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How did he get to this far-out point? By any reckoning, Sartre was a phenomenon — creator of French existentialism, most fluent of political and cultural commentators, and winner of the 1964 Nobel Prize for Literature (which he attempted to decline). In 1980, 50,000 people paid tribute at his funeral, because, as James Wood puts it, “Fired by a passion for freedom and justice, loved and hated in his own day, Sartre [stood] as the authentic modern successor to Voltaire, Victor Hugo and Emile Zola.” Even de Gaulle, when Sartre aligned himself against the Algerian conflict in 1960, had said, generously, “You don’t imprison Voltaire.”

So, though hated and even threatened by many, he was almost untouchable in the period when he paid court to Fidel Castro and Che Guevara. Yet the writers mentioned were all surely greater than him: his novels are bleak, his plays mostly about ideas and symbolic acts of violence, his philosophy often obscure and comfortless, and his politics extreme. How could Sartre be their successor?

One answer is that France had suffered a massive collapse in confidence. For all the turbulence of history, previous generations did not have to cope with the first half of the 20th century, culminating in the Nazi occupation. Since France was suffering an existential crisis, uncertain of its future in a violent continent and an apparently godless universe, an authentic French existentialist was perhaps what it required. Sartre voiced aspects of the national conscience when everything had been tainted. His search for radical values spoke to many in a nation racked by shame and acute crises of faith.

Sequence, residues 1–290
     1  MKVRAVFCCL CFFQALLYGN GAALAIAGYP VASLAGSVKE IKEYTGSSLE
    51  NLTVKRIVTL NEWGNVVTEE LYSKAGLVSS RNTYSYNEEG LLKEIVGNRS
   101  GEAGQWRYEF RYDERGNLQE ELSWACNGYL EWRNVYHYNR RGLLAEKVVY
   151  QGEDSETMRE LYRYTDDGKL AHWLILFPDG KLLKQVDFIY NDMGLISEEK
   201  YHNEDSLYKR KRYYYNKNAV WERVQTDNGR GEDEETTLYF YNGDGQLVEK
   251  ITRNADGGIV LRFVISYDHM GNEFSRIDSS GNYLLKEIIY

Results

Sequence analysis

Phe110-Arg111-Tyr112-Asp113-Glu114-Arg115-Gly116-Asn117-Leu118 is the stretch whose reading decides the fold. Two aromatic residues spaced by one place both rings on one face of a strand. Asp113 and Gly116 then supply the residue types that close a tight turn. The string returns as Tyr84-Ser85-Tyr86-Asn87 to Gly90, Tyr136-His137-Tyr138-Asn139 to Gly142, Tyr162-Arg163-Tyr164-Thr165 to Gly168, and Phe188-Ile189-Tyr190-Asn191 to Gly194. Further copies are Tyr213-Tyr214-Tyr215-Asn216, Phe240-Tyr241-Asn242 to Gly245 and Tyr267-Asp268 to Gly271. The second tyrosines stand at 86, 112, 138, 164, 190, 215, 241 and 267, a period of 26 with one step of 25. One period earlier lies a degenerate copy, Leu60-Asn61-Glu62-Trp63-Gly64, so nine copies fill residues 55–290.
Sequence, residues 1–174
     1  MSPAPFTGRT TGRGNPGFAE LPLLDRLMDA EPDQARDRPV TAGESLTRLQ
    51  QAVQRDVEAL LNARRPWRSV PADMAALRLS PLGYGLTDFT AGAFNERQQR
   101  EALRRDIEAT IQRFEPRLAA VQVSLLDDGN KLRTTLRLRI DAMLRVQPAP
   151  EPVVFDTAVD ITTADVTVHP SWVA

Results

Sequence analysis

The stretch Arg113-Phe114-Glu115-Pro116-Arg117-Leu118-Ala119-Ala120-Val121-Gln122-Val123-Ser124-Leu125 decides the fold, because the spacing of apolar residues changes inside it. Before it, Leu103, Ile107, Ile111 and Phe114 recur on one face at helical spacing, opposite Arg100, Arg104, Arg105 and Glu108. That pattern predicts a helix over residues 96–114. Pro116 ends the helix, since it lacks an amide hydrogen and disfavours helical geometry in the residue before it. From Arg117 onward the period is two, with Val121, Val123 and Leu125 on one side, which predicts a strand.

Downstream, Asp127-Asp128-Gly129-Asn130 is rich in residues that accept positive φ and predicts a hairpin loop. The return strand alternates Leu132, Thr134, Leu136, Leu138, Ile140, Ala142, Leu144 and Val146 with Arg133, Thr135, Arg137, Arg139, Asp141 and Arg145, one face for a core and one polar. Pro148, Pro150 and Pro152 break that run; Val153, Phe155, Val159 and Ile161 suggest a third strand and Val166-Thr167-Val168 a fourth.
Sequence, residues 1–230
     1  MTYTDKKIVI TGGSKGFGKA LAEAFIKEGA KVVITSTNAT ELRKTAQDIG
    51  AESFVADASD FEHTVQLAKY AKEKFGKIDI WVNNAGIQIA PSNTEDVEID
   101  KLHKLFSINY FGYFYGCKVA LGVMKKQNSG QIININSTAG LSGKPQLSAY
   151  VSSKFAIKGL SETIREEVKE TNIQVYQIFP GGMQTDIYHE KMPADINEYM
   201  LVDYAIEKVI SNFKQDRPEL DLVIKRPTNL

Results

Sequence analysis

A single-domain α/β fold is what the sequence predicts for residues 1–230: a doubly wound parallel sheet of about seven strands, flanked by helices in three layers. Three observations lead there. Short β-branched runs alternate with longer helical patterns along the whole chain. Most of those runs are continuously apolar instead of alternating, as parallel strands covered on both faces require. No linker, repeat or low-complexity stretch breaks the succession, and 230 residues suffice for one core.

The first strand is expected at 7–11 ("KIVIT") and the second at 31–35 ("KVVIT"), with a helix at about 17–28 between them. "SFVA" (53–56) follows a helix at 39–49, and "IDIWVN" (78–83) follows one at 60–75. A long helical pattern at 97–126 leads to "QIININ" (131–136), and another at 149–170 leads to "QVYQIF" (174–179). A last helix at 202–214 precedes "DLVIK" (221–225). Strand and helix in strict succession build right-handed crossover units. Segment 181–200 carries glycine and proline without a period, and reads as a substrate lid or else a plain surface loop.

Another is that he was indisputably brilliant. His output was prodigious and diverse, if uneven: most of his best work pre-dated 1950, and if he had died then he would not have been seen as a firebrand. In his thirties he was so apolitical that he said nothing about the Spanish Civil War. His reputation, as a significant rather than a great writer, should rest mainly on his novels and plays, particularly in my view the former. They are semi-autobiographical, honest and well-observed, dramatise many issues effectively, and depict their times sharply and vividly. Yet he cut short his career as a published novelist after only 12 years to devote himself to gauchisme.

Nausea, the first (1938), is one of the few good philosophical novels. It records in diary form, with sardonic wit, the drab, friendless life of Sartre’s alter ego, Roquentin, a scholar in a northern town. Among many memorable passages, there is one in which Roquentin stares at some tree roots until he is overwhelmed by the superfluity, the “contingency” and the “dismal, sickly” abundance of the natural life around him. (Sartre had been experimenting with drugs, which may be connected to this queasy vision.) Though the novel holds the spiritual kernel of Sartrean existentialism, and has much to say to the spiritually alienated, or the unbelieving but thoughtful young, it doesn’t reward re-reading as many more mature classics do — entirely introverted, it has a repetitive negative strain, and lacks the imaginative force of, say, Kafka (who is an influence).
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